Madrid The capital of Spain

The capital of Spain and the largest city in the country, with a population of over 6 million, Madrid is the third-biggest city in the European Union. The city is the political, economic and cultural centre of Spain. In this text, we cover some of the must do things in Madrid.
Madrid is a real treat for museum-lovers. The city has many museums, the most important of which are located in the city centre, on the Paseo del Prado, and are known as the Golden Triangle of Art.
1. Prado Museum is one of the world’s leading art galleries, with its collection comprising 8,600 paintings and over 700 sculptures. Its walls are lined with masterpieces, including Velázquez’ Las Meninas and Goya’s Third of May, 1808, Bosch’s The Garden of Earthly Delights, as well as some of the most notable works of El Greco, Zurbaran, Murillo, Italian and Flemish masters, and much more.
2. Reina Sofia Museum is dedicated to the Spanish contemporary art and houses works by Dalí, Miró and Juan Gris, as well as Picasso’s masterpiece: Guernica.
3. Thyssen-Bornemisza Museum offers a magical tour of the history of European painting from the Middle Ages through to the late 20th century. Notably, collections include Italian and Flemish Renaissance, Impressionism (Monet, Degas), Post-Impressionism (Gauguin, Van Gogh) as well as the avant-garde masterpieces of the 20th century (Picasso, Kandinsky, Chagall)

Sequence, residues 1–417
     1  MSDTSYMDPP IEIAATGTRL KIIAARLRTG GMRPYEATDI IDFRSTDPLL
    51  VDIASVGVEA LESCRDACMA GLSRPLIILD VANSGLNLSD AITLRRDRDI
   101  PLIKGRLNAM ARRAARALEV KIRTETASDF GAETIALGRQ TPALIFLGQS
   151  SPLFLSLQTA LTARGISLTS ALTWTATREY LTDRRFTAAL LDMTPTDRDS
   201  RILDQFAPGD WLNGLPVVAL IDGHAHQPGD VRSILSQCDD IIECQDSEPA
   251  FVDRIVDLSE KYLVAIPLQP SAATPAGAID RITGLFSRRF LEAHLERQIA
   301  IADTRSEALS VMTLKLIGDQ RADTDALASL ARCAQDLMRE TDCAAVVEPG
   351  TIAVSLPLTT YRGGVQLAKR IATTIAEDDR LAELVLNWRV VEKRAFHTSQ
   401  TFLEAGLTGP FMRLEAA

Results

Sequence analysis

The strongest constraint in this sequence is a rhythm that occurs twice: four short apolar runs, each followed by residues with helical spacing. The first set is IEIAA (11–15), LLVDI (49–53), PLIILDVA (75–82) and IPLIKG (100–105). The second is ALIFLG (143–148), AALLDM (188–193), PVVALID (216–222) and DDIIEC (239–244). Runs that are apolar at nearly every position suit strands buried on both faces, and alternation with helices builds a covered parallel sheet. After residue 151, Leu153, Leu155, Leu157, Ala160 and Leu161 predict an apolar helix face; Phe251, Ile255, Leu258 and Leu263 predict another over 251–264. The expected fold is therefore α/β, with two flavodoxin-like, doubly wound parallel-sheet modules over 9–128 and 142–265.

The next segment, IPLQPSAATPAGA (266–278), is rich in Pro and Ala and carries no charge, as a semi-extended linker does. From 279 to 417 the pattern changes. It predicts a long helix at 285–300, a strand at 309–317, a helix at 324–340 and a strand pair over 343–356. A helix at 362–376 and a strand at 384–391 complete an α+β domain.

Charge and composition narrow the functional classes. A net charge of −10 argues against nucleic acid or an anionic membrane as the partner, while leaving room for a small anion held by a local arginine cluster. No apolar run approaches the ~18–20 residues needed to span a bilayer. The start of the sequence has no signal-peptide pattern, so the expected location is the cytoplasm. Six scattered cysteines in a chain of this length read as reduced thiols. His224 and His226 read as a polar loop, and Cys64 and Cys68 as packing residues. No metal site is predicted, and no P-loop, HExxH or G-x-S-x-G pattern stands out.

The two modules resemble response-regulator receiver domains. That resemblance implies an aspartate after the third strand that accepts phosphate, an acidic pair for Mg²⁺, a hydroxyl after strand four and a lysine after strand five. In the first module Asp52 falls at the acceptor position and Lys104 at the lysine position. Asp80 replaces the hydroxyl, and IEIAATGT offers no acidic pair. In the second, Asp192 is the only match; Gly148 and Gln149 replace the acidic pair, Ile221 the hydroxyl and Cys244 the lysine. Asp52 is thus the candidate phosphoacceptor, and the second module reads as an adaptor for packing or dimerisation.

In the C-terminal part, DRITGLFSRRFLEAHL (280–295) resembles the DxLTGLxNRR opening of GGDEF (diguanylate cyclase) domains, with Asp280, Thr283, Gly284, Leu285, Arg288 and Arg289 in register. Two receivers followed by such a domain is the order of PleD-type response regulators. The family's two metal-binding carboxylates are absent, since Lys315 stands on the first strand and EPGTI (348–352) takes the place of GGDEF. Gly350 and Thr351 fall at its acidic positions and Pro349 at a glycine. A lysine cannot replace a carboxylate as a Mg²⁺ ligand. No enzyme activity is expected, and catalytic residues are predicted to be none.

Madrid boasts a rich and lavish culinary scene. You can’t leave Madrid without trying cocido (chickpea stew). The first course is a noodle soup and the second is stewed meat, bacon, chickpeas and other ingredients that vary depending on individual preference. If you are in the mood for a quick snack, you’ll want to try Bocata de calamares (battered calamari sandwich), the capital’s typical fast-food dish.
Home to two major football clubs: Real Madrid and Atlético de Madrid, Spanish capital is an excellent place to experience the excitement of European football at its finest. The best time to visit is during La Liga: the season usually runs from the second half of August to the end of May.
Many of Madrid’s famous sights and monuments are conveniently packaged in the central area, so if you decide to explore the city on foot, Puerta del Sol (Kilometer Zero) should be your starting point. The surrounding streets and plazas are lined with historic architecture, fancy boutiques, and flamboyant tapas scene. Just a short walk away you’ll find the lovely Plaza Mayor and Palacio Real, the official residence of the Spanish Royal Family.
A stunning view of the city can be enjoyed from the top of the Cibeles Palace, formerly central post office and itself one of the city’s major landmarks.
Also, do not skip a romantic walk across the beautiful El Retiro Park. This huge park is the lungs of Madrid and an ideal place to relax after a long tour of the city.
However, we covered here just a taste of what Madrid has to offer. There’s so much more to discover in the city that you won’t be able to stay away for long!